Tuesday, February 10, 2009


Last weekend I attended a DONA (Doulas of North America) workshop in Yonkers, NY. The workshop ran all day Friday, Saturday and Sunday and was approximately 30 minutes from my home. There was nowhere for a babysitter to go with the baby so Justin, my husband, took Friday off from work and spent the weekend as the primary caretaker.

My daughter, Hallie, is currently 8 months old and in all that time, she has never been alone with her father for an entire day. Sure, they go for walks and hang out together but it is always for short periods of time. The one time they spent an entire day together, my husband brought the baby to visit his parents. There was no such safety net this weekend.

I left detailed instructions for Friday. Nap times, general feeding times, music and sign language classes. The day was structured and busy. Hallie was a superstar most of the day. She napped at the appropriate times, ate according to the schedule and was generally very easy-going. Then at 6:45pm, Hallie had a breakdown. She cried, she screamed and she was otherwise inconsolable. When I got home Friday evening, Justin was pacing back and forth in Hallie’s room trying to lull her to sleep in his arms. Scattered around the room were a pacifier (she has never liked them), a bottle of expressed milk, teething toys, a favorite blanket and Sophie the Giraffe. Clearly, Justin had used every tool at his disposal without success. I picked up the baby and she instantly put her head on my chest, her thumb in her mouth and fell asleep.

Anxious to avoid a repeat performance, Justin invited his parents to spend the day with him and the baby on Saturday. Again, the day went by without incident, but around bath time, Hallie began to cry and was inconsolable. At around this time, I happened to call and check in and could hear Hallie crying in the background. The frustration in Justin’s voice came clearly through the phone.

“I did everything you said and she won’t stop crying,” he complained.

“I am not sure what to tell you,” I retorted. “She never does this for me. Generally bath time is the best part of the day.”

Justin hung up the phone and I drove just a little faster in order to get back. When I walked in the apartment, Hallie was wide awake and relaxing in her grandmother’s arms. Justin had taken the dogs for a walk and was not home. He mentioned that he felt defeated because he was unable to calm the baby and had passed her off to his mother and taken a walk to clear his head.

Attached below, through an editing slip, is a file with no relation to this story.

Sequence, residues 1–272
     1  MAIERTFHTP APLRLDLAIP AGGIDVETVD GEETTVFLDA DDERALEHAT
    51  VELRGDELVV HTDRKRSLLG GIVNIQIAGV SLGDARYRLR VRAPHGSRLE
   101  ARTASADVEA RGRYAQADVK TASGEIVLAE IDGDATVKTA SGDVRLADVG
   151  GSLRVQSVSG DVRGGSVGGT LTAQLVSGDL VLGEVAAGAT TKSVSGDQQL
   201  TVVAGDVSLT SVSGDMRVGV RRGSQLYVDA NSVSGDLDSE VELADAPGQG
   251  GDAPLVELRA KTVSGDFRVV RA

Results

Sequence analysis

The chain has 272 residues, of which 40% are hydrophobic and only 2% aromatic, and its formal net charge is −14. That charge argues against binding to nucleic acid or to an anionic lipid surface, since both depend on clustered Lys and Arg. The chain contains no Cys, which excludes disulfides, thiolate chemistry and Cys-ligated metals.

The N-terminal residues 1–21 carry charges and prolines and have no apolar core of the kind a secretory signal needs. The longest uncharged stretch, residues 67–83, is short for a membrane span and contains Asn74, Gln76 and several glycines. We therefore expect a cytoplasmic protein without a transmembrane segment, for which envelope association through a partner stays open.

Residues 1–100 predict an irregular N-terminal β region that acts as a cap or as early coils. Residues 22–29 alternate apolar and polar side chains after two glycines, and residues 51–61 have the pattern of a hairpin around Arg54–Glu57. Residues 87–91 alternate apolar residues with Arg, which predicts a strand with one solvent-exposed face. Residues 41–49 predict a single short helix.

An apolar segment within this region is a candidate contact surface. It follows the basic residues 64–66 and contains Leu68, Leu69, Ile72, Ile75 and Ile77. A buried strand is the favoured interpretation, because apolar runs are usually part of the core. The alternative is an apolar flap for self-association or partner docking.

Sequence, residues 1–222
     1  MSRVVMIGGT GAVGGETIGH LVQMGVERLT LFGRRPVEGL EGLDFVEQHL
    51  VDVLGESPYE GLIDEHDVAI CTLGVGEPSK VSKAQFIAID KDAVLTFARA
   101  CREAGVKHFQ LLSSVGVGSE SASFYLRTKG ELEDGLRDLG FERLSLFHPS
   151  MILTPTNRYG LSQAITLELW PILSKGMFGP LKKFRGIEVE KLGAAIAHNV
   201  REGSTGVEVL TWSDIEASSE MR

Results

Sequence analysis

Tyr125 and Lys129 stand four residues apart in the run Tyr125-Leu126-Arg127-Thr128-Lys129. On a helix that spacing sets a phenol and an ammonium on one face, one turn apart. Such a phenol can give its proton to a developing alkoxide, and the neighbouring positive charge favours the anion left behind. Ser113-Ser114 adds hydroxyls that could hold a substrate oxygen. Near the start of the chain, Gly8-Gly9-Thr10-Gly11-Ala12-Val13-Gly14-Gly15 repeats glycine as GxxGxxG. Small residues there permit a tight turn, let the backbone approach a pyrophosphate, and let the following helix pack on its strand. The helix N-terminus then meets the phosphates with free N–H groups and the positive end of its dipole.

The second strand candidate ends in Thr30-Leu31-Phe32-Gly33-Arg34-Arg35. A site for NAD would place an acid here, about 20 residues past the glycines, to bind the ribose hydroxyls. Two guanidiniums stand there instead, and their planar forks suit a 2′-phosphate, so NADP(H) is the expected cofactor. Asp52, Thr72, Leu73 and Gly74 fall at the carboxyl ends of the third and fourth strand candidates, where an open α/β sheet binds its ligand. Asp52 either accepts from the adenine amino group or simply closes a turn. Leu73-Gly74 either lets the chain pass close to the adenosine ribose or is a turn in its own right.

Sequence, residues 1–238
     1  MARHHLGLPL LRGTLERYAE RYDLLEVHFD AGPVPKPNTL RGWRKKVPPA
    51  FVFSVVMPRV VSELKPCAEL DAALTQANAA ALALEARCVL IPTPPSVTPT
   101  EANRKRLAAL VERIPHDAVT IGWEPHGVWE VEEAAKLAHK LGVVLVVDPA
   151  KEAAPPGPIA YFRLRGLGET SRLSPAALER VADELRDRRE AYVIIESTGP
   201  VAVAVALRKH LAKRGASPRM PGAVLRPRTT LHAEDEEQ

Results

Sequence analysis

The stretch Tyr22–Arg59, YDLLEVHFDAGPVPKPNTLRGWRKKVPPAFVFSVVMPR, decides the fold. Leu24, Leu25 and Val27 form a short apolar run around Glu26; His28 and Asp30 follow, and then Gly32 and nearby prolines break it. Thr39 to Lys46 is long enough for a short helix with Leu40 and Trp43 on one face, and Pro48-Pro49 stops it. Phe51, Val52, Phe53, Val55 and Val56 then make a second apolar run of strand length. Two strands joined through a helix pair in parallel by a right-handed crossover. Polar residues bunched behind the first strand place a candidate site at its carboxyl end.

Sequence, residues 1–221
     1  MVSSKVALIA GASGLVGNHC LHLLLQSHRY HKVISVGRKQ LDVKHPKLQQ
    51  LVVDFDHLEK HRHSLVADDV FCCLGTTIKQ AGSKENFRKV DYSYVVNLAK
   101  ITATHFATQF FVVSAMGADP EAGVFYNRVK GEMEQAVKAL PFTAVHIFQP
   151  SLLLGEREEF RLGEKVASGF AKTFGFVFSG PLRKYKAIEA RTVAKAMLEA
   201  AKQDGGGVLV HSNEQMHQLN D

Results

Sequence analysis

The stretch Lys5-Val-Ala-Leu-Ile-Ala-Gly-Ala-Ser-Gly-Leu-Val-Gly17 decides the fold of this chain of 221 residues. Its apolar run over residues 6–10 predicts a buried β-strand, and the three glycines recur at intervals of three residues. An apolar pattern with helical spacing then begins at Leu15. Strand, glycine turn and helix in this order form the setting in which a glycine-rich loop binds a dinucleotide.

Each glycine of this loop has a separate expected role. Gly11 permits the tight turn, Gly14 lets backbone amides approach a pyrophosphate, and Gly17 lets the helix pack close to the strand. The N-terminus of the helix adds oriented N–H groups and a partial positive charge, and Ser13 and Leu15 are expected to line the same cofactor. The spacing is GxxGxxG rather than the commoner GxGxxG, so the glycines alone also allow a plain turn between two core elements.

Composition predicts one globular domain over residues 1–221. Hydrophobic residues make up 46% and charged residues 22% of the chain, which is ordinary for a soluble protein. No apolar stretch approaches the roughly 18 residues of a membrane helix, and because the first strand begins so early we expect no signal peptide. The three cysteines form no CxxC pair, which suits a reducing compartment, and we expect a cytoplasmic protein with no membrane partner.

I reassured Justin that knowing when to walk away from a crying baby was as important a skill as being able to calm the baby. When a caretaker gets frustrated about not being able to calm the baby, they often tense and inadvertently make things worse than they were before. He again expressed frustration that my instructions did not work for him.

The next morning was the last day of the workshop and Justin’s parents had left the night before. There was no schedule as there had been on Friday and no support as there had been on Saturday. It would just be Hallie and her Daddy all day. I admit to being a little nervous.

I called several times to check in on Justin and kept getting voice mail. Part of me hoped that they were out enjoying the unseasonable weather and part of me wondered if the crying was drowning out the ringing phone. I finally got in touch around 6:30pm. I heard the unmistakable sound of a baby’s giggle in the background.

“Sorry,” Justin was out of breath when he answered. “We are in the middle of a game of peek-a-boo and I can’t talk right now.”

When I arrived home, the baby was fed, bathed and ready for bed. Both father and daughter was making faces at each other and laughing. They barely glanced at me as I walked in the door.

When I asked Justin about how his day had gone, he excitedly told me about the long walk he had taken with the baby and the dogs, the nap on the bed he had taken with the baby in his arms and the dinner they had shared. What was different? It turns out that not having a schedule or someone else there to tell him how to care for the baby had freed him up to do things his own way. Nap time happened because Justin was snuggling Hallie on the bed and both fell asleep. Dinner for Hallie were just bites of Justin’s delivery from the local diner and she was awake at 7:30 because, “she did not seem sleepy” to him.

When Justin had the flexibility to read the baby’s cues, he really was able to get to know her. She responded by being happy and adjusting to the new routine with ease. It was precisely the same was I developed the original schedule: I wrote down what had organically developed for me.

This weekend was a good reminder that it is okay to parent differently. Schedules and routines are fine as long as they work. Don’t be afraid to try new things or mix it up once in a while. And, if you are having fun, the rewards can be endless. In Justin’s case, Hallie rewarded him on Sunday with her first word.

I picked up Hallie and asked her if she had a nice day. She just pointed at Justin, grinned and said, “Dada.”

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